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- Subject: Re: OOP sortof
- From: Philippe Lhoste <PhiLho@...>
- Date: Sat, 01 Jan 2011 14:33:35 +0100
On 30/12/2010 08:45, steve donovan wrote:
On Thu, Dec 30, 2010 at 9:20 AM, Dirk Laurie<email@example.com> wrote:
Just why must x and y be private if you plan to provide read and
write access to them?
Having had this moment with some Java I was charged with sorting
out, I must agree. The classic answer is that a.x confuses
implementation with access, but _if_ a.x needs to invoke some code at
some later date, well then there's always the property pattern.
 in any case with Java the IDEs are so good that you can find all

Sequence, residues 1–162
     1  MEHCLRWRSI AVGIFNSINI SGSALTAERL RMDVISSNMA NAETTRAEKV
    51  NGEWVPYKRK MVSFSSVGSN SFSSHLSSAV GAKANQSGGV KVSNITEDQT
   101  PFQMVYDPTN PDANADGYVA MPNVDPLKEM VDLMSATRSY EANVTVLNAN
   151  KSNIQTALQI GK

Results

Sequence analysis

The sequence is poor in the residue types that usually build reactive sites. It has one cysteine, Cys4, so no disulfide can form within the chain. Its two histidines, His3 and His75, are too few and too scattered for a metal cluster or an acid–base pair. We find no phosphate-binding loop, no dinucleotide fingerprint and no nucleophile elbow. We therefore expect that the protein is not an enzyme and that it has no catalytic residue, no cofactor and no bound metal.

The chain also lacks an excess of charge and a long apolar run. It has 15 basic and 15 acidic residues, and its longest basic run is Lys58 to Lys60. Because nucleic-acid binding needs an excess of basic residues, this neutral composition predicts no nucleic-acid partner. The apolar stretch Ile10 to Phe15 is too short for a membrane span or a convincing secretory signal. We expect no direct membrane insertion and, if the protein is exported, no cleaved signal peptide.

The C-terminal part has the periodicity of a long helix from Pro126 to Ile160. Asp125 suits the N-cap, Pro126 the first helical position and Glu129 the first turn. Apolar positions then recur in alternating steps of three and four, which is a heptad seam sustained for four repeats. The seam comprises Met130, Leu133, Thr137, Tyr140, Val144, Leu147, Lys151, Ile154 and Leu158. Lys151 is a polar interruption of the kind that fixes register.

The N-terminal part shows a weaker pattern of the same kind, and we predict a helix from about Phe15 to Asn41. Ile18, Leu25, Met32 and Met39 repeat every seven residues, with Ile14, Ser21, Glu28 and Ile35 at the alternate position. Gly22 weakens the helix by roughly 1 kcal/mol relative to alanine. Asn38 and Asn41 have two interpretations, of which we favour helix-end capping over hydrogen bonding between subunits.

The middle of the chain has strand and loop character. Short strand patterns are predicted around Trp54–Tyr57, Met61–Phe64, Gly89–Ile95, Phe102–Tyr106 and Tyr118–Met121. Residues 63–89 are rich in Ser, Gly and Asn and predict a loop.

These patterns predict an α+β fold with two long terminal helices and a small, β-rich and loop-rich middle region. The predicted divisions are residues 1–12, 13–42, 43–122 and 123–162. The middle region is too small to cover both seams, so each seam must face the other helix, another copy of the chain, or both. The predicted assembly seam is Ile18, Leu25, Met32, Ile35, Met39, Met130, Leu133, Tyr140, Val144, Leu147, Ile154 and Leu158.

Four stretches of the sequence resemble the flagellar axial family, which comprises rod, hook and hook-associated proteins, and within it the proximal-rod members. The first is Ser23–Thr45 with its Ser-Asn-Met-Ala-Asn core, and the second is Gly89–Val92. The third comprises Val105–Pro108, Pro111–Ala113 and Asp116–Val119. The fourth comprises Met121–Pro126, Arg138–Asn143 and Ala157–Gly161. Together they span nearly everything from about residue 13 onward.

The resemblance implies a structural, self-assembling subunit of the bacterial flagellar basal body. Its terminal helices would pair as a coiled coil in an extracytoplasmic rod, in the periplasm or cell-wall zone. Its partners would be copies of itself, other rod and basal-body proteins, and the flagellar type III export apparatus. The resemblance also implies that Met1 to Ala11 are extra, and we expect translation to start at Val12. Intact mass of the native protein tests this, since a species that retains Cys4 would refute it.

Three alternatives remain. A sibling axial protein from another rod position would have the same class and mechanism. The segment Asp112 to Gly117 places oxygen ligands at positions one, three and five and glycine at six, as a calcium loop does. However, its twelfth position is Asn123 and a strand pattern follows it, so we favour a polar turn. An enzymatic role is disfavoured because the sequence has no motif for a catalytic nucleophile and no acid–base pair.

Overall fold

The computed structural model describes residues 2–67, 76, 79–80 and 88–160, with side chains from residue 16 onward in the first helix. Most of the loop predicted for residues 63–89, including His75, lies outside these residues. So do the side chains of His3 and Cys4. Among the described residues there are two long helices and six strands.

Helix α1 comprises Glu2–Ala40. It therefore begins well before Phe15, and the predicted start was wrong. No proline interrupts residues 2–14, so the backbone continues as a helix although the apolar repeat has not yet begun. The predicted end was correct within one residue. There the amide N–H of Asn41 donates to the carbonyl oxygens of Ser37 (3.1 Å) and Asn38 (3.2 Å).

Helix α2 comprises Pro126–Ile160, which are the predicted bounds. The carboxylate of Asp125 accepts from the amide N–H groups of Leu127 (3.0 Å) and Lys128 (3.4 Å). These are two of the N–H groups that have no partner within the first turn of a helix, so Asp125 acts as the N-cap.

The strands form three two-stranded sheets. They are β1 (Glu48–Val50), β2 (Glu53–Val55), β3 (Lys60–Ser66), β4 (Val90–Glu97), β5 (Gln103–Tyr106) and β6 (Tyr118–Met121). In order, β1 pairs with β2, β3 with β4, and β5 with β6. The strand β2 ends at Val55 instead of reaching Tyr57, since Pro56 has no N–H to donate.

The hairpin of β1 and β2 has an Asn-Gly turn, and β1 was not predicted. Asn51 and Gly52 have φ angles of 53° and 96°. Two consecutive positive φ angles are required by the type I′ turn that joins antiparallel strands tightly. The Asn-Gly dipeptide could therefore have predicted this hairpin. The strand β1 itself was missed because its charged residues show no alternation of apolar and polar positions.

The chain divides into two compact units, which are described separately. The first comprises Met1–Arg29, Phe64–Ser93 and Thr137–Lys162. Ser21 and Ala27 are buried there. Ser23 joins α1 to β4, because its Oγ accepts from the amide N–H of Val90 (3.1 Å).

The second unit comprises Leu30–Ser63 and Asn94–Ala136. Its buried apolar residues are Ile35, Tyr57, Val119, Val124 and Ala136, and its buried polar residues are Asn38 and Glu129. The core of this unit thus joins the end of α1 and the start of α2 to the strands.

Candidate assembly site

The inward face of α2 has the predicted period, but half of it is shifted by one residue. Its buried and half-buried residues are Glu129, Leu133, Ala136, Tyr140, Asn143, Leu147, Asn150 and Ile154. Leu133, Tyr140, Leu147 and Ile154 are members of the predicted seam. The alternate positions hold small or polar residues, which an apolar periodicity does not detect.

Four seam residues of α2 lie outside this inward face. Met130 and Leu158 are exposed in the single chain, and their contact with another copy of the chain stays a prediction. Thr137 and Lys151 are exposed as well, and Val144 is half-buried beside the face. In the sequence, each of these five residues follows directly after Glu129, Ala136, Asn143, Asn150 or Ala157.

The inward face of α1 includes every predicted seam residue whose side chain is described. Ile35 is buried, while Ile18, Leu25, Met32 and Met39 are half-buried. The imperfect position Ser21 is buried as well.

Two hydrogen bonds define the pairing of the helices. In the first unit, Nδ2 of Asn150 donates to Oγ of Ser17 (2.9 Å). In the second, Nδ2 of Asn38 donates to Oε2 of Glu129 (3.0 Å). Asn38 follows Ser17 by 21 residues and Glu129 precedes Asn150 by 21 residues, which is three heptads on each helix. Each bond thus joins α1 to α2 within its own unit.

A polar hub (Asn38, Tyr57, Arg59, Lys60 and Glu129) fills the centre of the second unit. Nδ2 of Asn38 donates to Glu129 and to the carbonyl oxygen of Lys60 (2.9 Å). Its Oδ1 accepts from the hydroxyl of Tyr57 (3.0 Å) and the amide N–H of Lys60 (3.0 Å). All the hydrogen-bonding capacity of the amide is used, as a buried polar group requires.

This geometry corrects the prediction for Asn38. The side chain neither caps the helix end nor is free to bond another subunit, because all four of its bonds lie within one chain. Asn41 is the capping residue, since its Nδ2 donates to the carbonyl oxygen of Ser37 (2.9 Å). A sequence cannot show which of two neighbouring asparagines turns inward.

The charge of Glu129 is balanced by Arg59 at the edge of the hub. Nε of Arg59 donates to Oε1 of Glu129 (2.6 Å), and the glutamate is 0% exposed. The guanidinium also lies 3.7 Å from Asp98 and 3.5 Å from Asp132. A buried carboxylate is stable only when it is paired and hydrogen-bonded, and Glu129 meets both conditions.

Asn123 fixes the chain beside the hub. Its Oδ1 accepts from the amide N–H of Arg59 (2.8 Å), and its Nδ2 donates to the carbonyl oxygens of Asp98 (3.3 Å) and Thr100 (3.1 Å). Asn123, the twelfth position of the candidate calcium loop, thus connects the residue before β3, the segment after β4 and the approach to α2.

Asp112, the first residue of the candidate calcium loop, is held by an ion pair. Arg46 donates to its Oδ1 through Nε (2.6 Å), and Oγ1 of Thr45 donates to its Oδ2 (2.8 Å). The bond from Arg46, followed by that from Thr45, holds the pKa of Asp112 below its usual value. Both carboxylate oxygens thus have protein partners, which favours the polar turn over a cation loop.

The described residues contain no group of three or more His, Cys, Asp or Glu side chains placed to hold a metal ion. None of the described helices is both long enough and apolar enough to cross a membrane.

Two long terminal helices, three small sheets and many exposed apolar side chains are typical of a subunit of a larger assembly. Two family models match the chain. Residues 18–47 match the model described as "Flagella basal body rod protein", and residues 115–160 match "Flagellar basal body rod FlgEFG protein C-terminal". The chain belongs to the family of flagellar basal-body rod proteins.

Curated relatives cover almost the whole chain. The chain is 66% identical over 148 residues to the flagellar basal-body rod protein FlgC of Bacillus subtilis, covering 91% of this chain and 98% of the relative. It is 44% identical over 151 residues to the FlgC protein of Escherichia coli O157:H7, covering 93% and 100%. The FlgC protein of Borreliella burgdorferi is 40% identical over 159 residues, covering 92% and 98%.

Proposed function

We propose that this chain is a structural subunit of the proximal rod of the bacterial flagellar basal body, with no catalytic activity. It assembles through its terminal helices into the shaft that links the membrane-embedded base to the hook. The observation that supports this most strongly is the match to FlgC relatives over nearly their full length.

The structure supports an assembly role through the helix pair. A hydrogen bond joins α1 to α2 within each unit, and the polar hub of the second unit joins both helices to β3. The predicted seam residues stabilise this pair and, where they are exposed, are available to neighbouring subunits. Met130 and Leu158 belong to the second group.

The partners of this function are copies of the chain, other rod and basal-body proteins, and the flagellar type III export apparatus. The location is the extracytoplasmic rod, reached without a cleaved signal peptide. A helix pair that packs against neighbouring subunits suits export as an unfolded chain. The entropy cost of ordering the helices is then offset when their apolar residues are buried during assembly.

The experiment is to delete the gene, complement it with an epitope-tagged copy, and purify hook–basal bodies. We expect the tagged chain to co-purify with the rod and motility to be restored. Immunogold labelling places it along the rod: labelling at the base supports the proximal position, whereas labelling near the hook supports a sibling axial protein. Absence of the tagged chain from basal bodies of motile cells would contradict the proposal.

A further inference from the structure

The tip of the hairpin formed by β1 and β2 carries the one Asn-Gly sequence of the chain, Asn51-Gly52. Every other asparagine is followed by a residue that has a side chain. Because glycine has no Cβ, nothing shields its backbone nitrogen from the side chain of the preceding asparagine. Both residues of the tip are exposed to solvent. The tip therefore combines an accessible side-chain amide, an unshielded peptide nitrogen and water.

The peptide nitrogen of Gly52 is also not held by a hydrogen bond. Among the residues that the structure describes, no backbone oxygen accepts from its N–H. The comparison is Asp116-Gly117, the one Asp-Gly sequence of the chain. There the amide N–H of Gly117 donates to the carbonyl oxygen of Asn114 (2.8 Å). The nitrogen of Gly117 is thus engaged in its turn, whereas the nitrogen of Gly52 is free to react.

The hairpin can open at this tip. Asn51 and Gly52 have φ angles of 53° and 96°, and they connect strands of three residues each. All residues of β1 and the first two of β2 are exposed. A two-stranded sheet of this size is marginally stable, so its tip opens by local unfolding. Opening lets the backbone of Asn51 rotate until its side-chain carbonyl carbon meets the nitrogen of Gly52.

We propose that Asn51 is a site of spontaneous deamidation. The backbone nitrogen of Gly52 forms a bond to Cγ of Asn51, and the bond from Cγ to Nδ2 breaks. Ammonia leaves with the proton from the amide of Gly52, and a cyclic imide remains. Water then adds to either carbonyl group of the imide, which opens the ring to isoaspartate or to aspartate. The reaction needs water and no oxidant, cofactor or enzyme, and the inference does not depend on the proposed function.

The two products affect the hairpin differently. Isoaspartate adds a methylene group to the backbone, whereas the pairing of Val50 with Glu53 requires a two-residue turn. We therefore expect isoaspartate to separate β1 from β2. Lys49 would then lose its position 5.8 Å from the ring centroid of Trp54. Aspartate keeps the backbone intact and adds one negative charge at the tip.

the references to a field and correct them very quickly. Technology
should trump ideology.
Well, it is harder and more annoying when that's a library that changes
that: it means changing all the projects depending on it. Even on a
closed project, management can frown upon making a change list of
hundred of files just replacing variable access with a getter or setter.
Scala (to remain in the JVM realm) resolved that quite elegantly: just
leave the variables in the open, and should you add code around access
(get or set), you can do it without disturbing calling code.
That's indeed a point that a modern language should address elegantly.
-- (near) Paris -- France
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